SALT LAKE CITY — The demand for rental housing along the Wasatch Front has led to a jump in the number of high-density apartment and condominium units throughout the area.
And while some residents worry the large projects could diminish nearby home values, a new study indicates the opposite is true as prices for rental and single-family properties continue to climb.
A report released by the Kem C. Gardner Policy Institute at the University of Utah found that apartments built between 2010 and 2018 have had no adverse effects on the value of nearby single-family homes in suburban Salt Lake County. In fact, housing prices over the last decade have accelerated even as the residential real estate market has transitioned to the development of denser housing in a bid to slow the trend.
The study noted that existing residents often fear that densely developed housing will negatively impact their property values. However, the report shows that single-family homes located within half a mile of new construction apartment units saw higher overall price appreciation than houses located farther away.
Speaking Monday during a virtual roundtable discussion hosted by the Gardner Institute, senior research fellow Dejan Eskic said 9,600 rental units were built within the eight-year period of the study. Houses near those developments saw appreciation to their worth.
“When we look at the median market value per square foot of a single-family home, we see that homes that are within half a mile of the new apartments tend to have a higher per square foot value,” he said.
Homes located within 1/2 mile of a new apartment building experienced a 10% yearly increase in median value between 2010 and 2019, while those located farther away rose by 8.6%, he said.
The southeast area of Salt Lake County was the exception, with homes more than 1/2 mile away from new apartments experiencing higher average price appreciation than those situated less than 1/2 mile, the report states.
With high demand as one of the major contributing factors for the higher home values, a similar impact is felt in the overall rental market as more people look for apartments to live in. To that end, the state’s most populous county is working to develop solutions to address the growing issue of housing affordability.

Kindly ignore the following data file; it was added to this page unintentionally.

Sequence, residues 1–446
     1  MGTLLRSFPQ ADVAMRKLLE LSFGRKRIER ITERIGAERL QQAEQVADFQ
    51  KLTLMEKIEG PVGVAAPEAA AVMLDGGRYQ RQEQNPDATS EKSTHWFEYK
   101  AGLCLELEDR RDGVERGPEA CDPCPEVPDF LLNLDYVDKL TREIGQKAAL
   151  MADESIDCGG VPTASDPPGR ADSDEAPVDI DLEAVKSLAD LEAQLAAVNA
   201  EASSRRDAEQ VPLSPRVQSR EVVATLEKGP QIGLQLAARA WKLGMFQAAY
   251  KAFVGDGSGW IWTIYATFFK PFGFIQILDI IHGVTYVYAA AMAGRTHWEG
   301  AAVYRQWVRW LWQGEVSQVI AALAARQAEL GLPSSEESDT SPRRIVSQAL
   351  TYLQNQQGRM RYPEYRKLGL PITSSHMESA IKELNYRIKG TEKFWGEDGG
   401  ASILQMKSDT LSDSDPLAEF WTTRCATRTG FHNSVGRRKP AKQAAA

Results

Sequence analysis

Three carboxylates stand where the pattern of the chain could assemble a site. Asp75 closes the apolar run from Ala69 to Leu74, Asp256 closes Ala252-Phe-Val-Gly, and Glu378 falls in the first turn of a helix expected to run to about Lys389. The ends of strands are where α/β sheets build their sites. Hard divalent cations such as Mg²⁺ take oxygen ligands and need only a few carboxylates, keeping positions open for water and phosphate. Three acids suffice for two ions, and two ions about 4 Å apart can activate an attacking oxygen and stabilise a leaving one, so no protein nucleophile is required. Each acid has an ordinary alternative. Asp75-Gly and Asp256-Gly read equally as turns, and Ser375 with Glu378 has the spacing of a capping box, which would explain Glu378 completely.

“We work with local communities and developers in helping to finance some of the housing or at least try to fill the gap that developers need to make the units more affordable for a number of households that fall below 80% of (average median income),” said Michael Gallegos, Housing and Community Development director for Salt Lake County.
“In this particular case, when you’re looking at 60% and below-average median income for the affordability, knowing that our community has a great demand for lower cost housing in the areas of 50% to 30% of area median income — that’s a lot for us to respond to and it’s going to take some period of time.”
He said a shortage of 35,000 rental units currently exists statewide, something leaders are working hard to address.
“We’re struggling, and communities across the nation are as well. We have that additional challenge in our county of less developable land,” said Salt Lake County Mayor Jenny Wilson. “The answer really (is) we have to build differently. We will and can. We will continue to have multiacre parcels, we will continue to have that suburban feel in our community and we have to be smart about where and how we build. We are going to need to embrace density in our communities, and with that, there’s a responsibility of developers to do it well.”
One local developer said creating more density within the array of housing solutions will be a way to mitigate the affordability issue, but it must be done smartly and with vision.
“The report today moves us in the right direction,” said Cowboy Partners CEO and President Dan Lofgren. “Not because density all on its own assures affordability, but density does accommodate affordability and a lack of density can preclude affordability.”
“I hold fast to the notion that there is no part of our community that doesn’t get better when we nurture affordability and stability in housing,” he added.
Lofgren said that developers should be thoughtful about how they build their new projects, considering everything from concept design to unit size to amenity packages — all of those things that ultimately contribute to affordability.
“We need to be mindful of two questions. One is housing affordability, and one is affordable housing. Affordable housing meaning housing that fits in a very specific definition and creates opportunity for those households for whom the market doesn’t otherwise serve,” he explained.
“If we’re talking about housing affordability, then I’d like to see (some housing regulations) change that aggravate housing cost increases. But if we’re talking about affordable housing, (then it’s) trying to create opportunities for those households that 30%, 40% or 50% of (average median income) or even below 30%.”
“It’s about aggregation of resources we can use to create opportunities for those lower income households who are such a key part of our economy,” Lofgren said. “These are the people who make our city buzz. They are the people who make our community work.”